In the news
DWP fails to keep up
At first it was anecdotal. Now evidence is mounting that the Department of Work & Pensions is failing to manage its own workload as a result of austerity cuts, repeated lockdowns and the longer term cumulative effects of the pandemic.
While the logistics of a pandemic would challenge most governments (New Zealand notwithstanding), many of the DWP's current issues are of their own making as they now 'scramble' to reverse the 28% staff cuts they made over the past 10 years. A recent parliamentary debate on the Child Maintenance Service led by SNP MP Marion Fellows and has highlighted the effect of these cuts and the work of organisations like Gingerbread to overcome them.
Additional issues for DWP staff include the spread of the virus among those who are not working from home and the slow pace at which home working has been facilitated for them during lockdown. According to the Public & Commercial Services Union, although 90% of civil servants have home working facilities, this is not equally true for DWP staff. In response, the DWP has said it is now delivering up to 2500 pieces of IT equipment a week to staff who are homeworking.
The Department has countered figures showing that 4000 calls to its Debt Management line went unanswered in the first two weeks of January with the confirmation of plans to deploy 450 additional staff to meet its own targets. However, DWP Permanent Secretary Peter Schofield has noted in a recent letter to the Work & Pensions Committee Chair that the service provided on the PIP, State Pension, Attendance Allowance and CMS phone lines still remains 'below the expected standards'.
Work & Pensions Committee Chair, Stephen Timms MP
RECENT CASE LAW
Quick links to selected recent benefits-related case law
Interpreting the relative definitions of descriptors and key terms in Activity 8 & 10 for a claimant with learning difficulties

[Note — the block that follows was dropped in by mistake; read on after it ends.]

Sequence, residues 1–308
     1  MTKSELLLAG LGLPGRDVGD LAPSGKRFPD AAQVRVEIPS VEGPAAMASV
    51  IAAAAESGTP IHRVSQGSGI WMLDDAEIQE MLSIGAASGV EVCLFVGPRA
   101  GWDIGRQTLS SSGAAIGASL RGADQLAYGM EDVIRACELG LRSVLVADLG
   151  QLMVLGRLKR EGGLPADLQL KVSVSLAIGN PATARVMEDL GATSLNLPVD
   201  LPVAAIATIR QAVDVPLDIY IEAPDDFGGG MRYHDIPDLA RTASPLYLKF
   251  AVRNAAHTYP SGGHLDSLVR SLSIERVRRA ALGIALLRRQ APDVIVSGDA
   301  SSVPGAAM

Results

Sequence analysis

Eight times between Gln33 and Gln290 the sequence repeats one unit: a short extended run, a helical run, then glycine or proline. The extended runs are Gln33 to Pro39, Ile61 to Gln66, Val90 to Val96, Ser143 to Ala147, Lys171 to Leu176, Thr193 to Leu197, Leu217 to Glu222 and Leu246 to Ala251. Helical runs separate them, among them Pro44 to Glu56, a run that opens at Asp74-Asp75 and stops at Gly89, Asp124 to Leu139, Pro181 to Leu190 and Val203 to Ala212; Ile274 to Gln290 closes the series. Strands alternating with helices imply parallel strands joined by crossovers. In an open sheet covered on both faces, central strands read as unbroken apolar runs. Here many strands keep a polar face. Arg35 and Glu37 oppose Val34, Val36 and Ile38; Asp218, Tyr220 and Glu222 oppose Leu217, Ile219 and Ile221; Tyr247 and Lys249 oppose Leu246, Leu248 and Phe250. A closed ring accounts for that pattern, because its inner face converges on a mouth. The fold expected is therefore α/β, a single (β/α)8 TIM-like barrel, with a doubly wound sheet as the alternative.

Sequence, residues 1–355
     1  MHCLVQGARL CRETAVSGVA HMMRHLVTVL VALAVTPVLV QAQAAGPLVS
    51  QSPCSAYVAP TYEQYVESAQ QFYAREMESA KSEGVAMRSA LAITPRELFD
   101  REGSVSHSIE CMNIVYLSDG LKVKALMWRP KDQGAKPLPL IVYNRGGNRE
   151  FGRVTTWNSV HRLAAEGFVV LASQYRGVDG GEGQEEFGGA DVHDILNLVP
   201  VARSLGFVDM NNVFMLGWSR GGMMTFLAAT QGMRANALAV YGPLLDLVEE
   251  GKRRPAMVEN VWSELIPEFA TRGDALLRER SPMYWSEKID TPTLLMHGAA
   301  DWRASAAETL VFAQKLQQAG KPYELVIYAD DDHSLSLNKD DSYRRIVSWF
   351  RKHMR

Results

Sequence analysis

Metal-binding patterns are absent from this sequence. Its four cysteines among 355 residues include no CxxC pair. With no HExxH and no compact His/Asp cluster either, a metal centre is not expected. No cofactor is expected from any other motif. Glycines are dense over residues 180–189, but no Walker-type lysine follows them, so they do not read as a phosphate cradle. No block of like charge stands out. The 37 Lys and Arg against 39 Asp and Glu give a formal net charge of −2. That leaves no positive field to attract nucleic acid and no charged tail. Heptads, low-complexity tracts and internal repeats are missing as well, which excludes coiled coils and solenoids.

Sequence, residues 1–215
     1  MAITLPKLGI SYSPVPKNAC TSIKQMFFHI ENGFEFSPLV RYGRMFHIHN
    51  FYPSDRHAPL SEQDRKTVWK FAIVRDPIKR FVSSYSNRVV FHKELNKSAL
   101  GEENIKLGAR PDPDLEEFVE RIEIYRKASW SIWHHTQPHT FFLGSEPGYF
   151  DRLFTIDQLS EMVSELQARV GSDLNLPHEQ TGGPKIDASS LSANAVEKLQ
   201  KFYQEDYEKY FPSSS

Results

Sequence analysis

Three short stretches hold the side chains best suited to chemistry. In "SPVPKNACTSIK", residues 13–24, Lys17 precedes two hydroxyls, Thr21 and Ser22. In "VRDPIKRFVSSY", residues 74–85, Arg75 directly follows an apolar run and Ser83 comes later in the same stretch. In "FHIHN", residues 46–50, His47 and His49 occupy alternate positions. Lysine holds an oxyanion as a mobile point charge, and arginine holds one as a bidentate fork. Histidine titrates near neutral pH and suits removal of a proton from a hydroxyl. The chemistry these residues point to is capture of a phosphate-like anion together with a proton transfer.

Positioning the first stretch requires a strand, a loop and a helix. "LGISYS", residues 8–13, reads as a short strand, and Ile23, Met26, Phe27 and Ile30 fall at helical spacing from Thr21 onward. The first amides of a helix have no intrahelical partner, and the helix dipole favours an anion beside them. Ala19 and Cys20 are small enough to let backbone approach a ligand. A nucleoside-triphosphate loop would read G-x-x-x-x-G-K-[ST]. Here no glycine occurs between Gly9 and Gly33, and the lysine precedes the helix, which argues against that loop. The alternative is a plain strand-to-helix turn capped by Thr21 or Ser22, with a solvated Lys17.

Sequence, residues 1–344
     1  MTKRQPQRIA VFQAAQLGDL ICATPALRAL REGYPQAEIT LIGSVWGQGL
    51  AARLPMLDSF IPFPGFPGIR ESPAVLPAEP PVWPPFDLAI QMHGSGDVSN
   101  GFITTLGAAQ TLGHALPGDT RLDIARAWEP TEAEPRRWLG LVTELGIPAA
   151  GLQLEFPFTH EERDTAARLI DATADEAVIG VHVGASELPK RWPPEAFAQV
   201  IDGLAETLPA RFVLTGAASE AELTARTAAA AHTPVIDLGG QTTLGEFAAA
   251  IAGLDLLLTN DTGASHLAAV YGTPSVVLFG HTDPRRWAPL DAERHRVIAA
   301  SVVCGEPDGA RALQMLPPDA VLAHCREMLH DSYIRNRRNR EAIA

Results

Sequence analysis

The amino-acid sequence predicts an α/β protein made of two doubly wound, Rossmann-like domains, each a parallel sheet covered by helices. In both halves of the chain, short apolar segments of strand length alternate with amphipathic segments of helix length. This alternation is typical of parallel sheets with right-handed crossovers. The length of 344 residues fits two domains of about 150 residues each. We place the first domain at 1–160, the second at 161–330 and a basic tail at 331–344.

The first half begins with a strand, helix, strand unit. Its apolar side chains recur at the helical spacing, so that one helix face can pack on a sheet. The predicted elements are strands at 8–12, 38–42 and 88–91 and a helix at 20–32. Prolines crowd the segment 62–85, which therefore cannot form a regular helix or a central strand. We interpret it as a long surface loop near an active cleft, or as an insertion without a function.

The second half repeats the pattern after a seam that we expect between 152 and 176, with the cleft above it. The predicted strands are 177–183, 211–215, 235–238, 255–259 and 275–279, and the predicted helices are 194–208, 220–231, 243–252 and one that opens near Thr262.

Published 27th January 2021
Considering eligibility for mobility component when claimant has walked alone and unaided
Published 21st December 2020
When should DLA evidence be resubmitted for PIP appeal?
Published 18th December 2020
High Court rules that requirement to pay childcare costs upfront is unlawful
Published 22nd January 2021
Does Zambrano right of residence assist entitlement to child benefit?
Published 15th January 2021
JSA, ESA, INCOME SUPPORT
Appeal against removal of benefit entitlement to claimant assuming fictitious identity
Published 29th December 2020
NEWS & TRAINING UPDATE
Effects of removal of SDP Gateway
Following the removal of the SDP Gateway, advisors need to check on those claims to Universal Credit that should contain a transitional Severe Disability Premium element. Effectively, this means looking out for people who at the time they claimed Universal Credit, also:
Received a qualifying disability benefit (most often PIP daily living component);
Lived alone or were treated as living alone;
Didn’t have a carer who was paid either Carer’s Allowance or the carer element in Universal Credit;
Had a claim to either income-related Employment and Support Allowance, Income Support or income-based Jobseeker’s Allowance within the month before they claimed UC.
These rules are complex (see also LATEST GUIDANCE) and we address them further in our updated Universal Credit in Depth course. Alternatively, eligible subscribers can contact our advice service for further support.
Links to recent, non-Brexit-related government regulations, guidance & bulletins